The 2012 Association of Southeast Asian Nations (ASEAN) summit will take place April 3rd and 4th in Phnom Penh, Cambodia. As the new chair of the regional bloc for the 2012 year, Cambodia will have an opportunity to show off its capital city’s latest developments, both socioeconomic and political.
The streets are already being decked out with symbols of national pride, and flags of the other nine member countries of ASEAN have been hung from the street lights of Phnom Penh’s busiest boulevards. Moreover, judging from the level of security already being dispatched onto the streets for last week’s meeting between Cambodian Prime Minister Hun Sen and Myanmar’s President Thien Sen, no one anticipates a repeat of the 2009 summit from Pattaya, Thailand.
That summit was abandoned once Red Shirt protesters stormed the resort where the conference was taking place, resulting in delegates having to be airlifted away from the top of the hotel. It is a monumental achievement for Cambodia which is just two decades removed from a prolonged civil conflict which devastated the country, nearly eradicated Khmer culture, and resulted in approximately 2 million deaths. During that time, regional relations with its Southeast Asian neighbors were poor to say the least, save for China, which supported the genocidal Khmer Rouge. Today, however, functionalism is alive and well.
As British scholar David Mitrany theorized, the benefits of increased regional integration on limited matters eventually “spill over” into bigger, more important areas. It starts out small: first, maybe a group of countries agree to make the process of obtaining a visa in one another’s countries easier for their respective citizens. Later on, broader trade agreements are signed. Before you know it, the mutual interest of all parties involved mandates closer cooperation and interdependence on a whole range of issues from education and trade, to nuclear security and combatting terrorism.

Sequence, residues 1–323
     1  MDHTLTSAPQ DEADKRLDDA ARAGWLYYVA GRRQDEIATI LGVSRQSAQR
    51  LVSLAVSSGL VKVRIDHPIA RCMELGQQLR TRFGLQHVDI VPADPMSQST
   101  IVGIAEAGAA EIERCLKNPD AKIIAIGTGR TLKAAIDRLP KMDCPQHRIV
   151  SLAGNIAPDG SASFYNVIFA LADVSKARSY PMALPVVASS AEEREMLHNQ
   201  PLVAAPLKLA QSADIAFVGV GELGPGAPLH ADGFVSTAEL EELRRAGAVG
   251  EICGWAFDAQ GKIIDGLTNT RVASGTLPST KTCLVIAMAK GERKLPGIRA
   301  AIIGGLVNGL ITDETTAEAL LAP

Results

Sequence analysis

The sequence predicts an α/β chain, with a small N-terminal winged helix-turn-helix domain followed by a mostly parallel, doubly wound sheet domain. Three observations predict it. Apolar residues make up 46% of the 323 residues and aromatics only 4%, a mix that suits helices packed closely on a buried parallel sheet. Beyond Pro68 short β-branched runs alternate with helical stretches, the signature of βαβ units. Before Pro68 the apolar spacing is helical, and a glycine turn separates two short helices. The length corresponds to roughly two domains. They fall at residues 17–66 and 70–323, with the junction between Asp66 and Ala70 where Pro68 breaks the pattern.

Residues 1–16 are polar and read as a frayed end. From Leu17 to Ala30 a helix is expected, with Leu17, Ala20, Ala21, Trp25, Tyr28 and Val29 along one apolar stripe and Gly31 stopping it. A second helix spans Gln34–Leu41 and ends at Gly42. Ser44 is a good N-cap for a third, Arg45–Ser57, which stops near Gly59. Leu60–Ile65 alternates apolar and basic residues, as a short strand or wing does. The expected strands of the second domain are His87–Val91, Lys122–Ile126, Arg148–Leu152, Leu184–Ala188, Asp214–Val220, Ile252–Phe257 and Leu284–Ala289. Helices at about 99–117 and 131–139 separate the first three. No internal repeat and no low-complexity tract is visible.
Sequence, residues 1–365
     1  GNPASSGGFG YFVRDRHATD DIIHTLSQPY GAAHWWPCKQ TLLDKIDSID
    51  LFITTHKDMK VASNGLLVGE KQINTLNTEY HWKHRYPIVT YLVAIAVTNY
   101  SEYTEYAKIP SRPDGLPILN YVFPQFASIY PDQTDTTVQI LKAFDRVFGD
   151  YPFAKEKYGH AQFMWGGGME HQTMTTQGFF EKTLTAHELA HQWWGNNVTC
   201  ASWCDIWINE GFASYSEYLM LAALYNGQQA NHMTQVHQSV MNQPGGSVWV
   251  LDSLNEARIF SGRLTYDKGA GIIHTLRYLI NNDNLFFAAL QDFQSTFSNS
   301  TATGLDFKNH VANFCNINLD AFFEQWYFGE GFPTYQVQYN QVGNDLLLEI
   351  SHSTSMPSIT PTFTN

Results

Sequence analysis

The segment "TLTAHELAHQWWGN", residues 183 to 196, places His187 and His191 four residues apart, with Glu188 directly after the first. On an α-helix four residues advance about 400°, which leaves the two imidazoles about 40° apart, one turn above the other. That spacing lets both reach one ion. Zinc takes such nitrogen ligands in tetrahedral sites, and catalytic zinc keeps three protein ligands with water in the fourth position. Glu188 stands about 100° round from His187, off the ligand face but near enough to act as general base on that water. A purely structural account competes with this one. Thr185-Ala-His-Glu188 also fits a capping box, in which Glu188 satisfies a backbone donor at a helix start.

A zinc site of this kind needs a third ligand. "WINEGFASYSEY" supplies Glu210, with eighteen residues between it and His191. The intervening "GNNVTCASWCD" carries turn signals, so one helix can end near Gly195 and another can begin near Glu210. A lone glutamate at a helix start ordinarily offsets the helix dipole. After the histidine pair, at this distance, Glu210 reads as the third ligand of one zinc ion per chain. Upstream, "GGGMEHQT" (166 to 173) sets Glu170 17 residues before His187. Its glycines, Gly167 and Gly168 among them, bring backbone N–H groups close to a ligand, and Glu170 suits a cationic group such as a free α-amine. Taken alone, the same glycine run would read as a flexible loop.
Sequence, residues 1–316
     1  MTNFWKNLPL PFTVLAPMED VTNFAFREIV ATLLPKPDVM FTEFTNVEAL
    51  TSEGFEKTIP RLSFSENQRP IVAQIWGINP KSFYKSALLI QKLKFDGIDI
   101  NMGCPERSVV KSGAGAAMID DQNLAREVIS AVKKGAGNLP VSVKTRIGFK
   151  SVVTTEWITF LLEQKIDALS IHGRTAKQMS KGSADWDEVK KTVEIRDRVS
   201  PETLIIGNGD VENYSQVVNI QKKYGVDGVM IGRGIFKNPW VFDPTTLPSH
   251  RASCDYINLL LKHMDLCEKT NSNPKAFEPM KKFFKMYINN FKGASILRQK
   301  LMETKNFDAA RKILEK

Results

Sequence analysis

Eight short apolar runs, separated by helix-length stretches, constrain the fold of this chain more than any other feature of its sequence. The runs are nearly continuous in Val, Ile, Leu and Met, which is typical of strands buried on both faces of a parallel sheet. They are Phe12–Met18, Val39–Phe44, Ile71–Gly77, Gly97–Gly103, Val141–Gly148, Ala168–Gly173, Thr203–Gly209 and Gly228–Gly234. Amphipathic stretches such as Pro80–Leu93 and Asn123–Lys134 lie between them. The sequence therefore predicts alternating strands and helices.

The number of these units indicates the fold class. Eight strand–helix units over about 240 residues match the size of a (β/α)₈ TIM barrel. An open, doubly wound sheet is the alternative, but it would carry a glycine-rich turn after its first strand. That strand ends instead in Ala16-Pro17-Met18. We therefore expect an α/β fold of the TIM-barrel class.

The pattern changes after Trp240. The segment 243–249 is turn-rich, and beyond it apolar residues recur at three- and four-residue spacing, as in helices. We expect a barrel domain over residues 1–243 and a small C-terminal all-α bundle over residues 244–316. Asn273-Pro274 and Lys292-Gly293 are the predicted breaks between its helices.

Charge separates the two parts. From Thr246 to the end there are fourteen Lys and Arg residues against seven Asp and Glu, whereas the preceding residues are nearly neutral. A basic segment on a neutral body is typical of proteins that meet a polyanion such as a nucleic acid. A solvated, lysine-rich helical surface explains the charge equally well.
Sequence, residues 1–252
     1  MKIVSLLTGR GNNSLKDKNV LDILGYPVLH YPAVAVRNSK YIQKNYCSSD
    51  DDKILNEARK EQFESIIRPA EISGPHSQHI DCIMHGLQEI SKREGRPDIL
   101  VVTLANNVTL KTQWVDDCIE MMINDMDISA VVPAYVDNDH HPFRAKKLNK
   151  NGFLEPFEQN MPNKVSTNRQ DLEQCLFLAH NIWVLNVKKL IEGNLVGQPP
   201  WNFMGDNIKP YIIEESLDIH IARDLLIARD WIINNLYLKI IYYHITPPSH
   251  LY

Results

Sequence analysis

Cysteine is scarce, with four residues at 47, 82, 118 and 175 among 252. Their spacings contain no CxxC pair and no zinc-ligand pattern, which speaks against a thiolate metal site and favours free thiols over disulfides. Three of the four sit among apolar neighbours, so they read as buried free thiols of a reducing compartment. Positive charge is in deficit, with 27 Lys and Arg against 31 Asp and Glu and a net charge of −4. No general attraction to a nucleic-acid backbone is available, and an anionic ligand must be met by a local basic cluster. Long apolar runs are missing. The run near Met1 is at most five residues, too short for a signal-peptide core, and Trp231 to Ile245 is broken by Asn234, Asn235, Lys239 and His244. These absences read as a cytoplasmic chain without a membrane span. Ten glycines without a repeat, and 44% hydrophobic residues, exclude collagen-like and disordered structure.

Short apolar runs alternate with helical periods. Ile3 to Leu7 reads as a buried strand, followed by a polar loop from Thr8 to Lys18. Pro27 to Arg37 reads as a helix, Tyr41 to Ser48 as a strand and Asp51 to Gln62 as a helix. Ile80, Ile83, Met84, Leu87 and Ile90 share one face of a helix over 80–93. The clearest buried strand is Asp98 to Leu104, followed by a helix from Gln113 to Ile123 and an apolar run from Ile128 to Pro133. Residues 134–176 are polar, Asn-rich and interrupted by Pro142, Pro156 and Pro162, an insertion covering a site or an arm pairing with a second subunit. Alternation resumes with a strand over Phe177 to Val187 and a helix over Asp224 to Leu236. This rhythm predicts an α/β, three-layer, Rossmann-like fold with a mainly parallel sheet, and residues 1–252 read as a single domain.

The underlying theme of the summit is cooperation
Perhaps this is why Cambodia has decided to block the issue of the conflict in the South China Sea from making the docket of topics to discuss. It is a thorny issue indeed, with six countries all claiming ownership of the Spratly Islands atoll, four of which are ASEAN member states. China, who is not a member of ASEAN, will of course be kept informed of the summit’s proceedings by their two closest allies in Southeast Asia: Cambodia and Laos.
Beijing is another claimant of the island chain, believed to hold vast deposits of oil and natural gas, and has had several flare ups with Vietnam and the Philippines over the past several months on the water. The hot button topic is the situation in Myanmar…
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